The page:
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- - Espresso does NOT have to be a really dark roast!
- - Espresso does NOT have to taste good as drip-brew; it just has to taste good as Espresso!
- - Espresso exaggerates every characteristic of a coffee.If a coffee is bright, the espresso will scream with brightness. A lot of coffees make an interesting shot of espresso on their own, and this is how you start. Pull a straight shot of everything you roast, and take notes about the taste. When you have a list of notes on different coffees, you are ready to start the blend. Espresso is a highly personal experience, a creation of art, and tweaking your own blend to perfection will please you in a way no other espresso blend will.
· South America: This typically makes up the base and provides lots of crema and a normal coffee flavor. I would suggest a Brazil Mogiana or a Peru, but a Colombia will get the job done. I would roast this component 20 seconds into the 2nd cracks, but you can go darker.
· Africa: This gives you the fruity character to the espresso, but the fruit can easily overpower the blend, so usually keep this to 25% or less. Including both natural-processed and washed process coffees in your blend will give you best results, so using a natural processed African is preferable. Ethiopia Harrar my favorite choice, but any Ethiopia will work, as will Tanzania or another fruity African or even a natural process Central American such as El Salvador. You want to roast this about the same level that you would if you were drinking it as coffee (keep it light -- out of the 2nd cracks). If you find the fruit or brightness is too overwhelming, you can roast it a few seconds darker to mask it.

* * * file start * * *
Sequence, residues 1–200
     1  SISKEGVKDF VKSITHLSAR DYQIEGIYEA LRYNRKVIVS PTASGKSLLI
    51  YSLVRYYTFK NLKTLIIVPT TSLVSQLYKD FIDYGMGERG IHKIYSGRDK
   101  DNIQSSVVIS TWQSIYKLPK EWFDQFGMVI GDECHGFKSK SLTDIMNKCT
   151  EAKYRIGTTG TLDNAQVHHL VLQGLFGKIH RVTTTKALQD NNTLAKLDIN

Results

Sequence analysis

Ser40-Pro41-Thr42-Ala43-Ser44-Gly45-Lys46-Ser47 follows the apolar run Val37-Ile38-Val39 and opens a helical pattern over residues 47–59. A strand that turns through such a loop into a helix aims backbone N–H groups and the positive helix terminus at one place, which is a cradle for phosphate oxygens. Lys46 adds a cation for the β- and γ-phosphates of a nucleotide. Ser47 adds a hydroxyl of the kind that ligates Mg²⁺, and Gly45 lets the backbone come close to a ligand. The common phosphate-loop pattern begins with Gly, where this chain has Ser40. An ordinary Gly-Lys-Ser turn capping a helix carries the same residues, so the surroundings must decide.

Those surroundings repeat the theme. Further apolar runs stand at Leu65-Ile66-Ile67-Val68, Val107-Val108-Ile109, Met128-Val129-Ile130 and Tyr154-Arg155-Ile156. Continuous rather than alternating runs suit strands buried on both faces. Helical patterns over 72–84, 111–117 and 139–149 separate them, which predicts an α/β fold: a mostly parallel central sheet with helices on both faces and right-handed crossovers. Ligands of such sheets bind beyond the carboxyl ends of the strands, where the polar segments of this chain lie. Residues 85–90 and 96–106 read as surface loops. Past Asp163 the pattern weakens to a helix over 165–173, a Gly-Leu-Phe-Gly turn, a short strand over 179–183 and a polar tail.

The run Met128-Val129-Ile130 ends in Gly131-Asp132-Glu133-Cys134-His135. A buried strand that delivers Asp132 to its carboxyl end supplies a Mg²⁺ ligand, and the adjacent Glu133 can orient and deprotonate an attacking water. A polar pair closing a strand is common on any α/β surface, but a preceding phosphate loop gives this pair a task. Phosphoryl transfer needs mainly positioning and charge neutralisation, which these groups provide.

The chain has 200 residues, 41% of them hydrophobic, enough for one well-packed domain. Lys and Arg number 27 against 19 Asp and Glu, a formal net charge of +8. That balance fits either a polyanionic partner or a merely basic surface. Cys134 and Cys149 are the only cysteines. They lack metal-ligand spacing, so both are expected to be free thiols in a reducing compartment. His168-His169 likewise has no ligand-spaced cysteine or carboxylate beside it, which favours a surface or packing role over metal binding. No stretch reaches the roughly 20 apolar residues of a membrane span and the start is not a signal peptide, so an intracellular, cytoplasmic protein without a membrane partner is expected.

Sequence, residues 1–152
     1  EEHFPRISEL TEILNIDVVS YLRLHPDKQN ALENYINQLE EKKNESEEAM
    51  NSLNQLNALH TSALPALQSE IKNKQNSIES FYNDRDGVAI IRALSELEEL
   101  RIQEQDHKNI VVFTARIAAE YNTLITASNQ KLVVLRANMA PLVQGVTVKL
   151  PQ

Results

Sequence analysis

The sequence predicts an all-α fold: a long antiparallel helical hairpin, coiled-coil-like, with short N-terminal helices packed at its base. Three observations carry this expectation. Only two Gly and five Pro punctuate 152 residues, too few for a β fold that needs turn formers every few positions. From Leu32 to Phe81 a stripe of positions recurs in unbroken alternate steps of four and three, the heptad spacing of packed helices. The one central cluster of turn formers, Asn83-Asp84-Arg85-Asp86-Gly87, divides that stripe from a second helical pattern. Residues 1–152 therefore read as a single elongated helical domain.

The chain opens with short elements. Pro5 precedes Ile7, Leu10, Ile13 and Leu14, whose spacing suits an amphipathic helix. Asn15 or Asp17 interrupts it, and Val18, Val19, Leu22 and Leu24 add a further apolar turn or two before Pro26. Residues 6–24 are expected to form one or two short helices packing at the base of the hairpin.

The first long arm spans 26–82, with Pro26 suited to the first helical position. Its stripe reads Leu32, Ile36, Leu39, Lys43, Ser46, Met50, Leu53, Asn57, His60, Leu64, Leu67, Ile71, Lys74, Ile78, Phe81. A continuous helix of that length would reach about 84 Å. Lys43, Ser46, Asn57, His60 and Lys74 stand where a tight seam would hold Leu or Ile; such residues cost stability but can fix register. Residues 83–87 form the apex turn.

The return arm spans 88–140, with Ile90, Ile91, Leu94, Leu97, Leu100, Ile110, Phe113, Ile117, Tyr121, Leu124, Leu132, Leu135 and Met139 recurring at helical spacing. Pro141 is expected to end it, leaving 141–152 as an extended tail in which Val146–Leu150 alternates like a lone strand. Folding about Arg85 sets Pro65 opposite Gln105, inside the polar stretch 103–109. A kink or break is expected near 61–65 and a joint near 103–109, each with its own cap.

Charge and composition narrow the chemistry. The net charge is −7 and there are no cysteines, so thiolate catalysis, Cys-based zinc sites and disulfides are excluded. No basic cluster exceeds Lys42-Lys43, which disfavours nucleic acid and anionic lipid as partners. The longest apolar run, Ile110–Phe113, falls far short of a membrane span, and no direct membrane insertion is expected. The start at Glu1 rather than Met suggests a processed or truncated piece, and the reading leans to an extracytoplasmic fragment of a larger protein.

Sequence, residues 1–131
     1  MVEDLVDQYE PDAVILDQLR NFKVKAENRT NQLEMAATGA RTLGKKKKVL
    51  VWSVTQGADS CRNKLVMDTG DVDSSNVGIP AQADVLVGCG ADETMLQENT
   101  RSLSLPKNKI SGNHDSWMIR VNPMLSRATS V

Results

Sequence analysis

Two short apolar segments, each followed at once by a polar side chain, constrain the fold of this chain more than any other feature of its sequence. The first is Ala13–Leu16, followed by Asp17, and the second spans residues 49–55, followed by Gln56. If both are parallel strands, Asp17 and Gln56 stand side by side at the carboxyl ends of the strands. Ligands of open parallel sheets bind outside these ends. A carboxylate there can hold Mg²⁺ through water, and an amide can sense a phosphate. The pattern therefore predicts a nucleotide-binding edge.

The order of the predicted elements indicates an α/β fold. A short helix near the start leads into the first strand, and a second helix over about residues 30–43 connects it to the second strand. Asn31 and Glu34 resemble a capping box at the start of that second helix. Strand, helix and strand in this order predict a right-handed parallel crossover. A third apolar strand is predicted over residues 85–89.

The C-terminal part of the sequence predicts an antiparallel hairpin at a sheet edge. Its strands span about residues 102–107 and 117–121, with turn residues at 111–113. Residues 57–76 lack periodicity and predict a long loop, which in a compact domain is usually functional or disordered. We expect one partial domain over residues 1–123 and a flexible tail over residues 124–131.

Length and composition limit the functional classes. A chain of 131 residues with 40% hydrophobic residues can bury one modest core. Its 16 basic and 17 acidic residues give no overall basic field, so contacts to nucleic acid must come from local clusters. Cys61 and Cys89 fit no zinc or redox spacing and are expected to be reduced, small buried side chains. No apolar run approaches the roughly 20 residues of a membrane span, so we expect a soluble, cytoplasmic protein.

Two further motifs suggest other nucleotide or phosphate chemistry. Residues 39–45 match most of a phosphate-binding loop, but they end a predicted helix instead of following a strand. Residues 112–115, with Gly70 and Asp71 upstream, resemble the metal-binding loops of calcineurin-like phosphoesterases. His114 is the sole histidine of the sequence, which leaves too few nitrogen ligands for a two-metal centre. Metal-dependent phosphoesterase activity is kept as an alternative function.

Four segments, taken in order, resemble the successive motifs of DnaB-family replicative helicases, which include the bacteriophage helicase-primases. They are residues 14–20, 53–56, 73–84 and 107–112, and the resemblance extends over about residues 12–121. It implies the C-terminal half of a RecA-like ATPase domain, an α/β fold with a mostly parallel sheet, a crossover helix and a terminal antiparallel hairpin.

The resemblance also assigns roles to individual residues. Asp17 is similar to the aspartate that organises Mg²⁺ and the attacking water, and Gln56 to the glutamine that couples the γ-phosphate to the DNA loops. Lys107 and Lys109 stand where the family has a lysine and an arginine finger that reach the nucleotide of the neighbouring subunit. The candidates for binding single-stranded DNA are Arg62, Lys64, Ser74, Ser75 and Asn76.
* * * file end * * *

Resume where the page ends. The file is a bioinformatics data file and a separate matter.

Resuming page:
· Indonesia: If you're going to be adding milk to the espresso, you need something with kick. This is where an earthy Sumatra 10-15 seconds into the 2nd cracks will come in handy. Other options include Uganda or any other semi-washed-process Indonesian.
· Central America: These coffees typically are not great shots of espresso because the acidity is overpowering, but some El Salvadors, Costa Ricas, Guatemalas, and Puerto Ricos are the exception, and contribute a complementary acidity and cocoa tone to the blend when used in moderation. Guatemala roasted 10 seconds into the 2nd cracks would be my top choice.
· Robusta: Pick a high quality robusta from India or Java, and roast it about 10 seconds into the 2nd cracks.Use it no more than 10% in your blend. It is used to add caffeine, but more importantly, to add a rustic kick that will shine through the milk of a latte. A substitute for this category would include Indian Monsooned Malabar and any Aged Coffee.
Espresso 1 - simple and multi-purpose
70% South American
10% Robusta or Indonesia
10% Central American
Espresso 2 - smooth and flavorful for drinking straight
40% South American
10% Central American
Espresso 3 - extra kick for lattes
50% South American
Espresso 4 -gourmet cocoa
30% South American
20% Central American or India
Espresso 5 - powerful and exotic
50% Indonesian (10 seconds of 2nd cracks)
35% Pulped Natural Central American (just to 2nd cracks)
15% India Monsooned Malabar (10 seconds of 2nd cracks)
Now it's exciting to test your espresso when fresh, but don't be afraid to use stale coffees in your research either. Espresso tends to be at its prime around 7 days after being roasted. I personally prefer my espresso around 3 weeks old because as the oils emerge, the more complexity exists -- I have had 3 month old espresso shots that were remarkably good. You do lose crema and some sweetness as it ages.
How do you taste espresso? In your nasal cavity! That's right -- a good shot of espresso will make your mouth happy, with a caramelly velvety NOT bitter flavor, but the real test if after you swallow. That is when the bubbles should go up into the back of your nasal cavity where it will linger for a few minutes longer as a reminder of what a great espresso blend you just invented.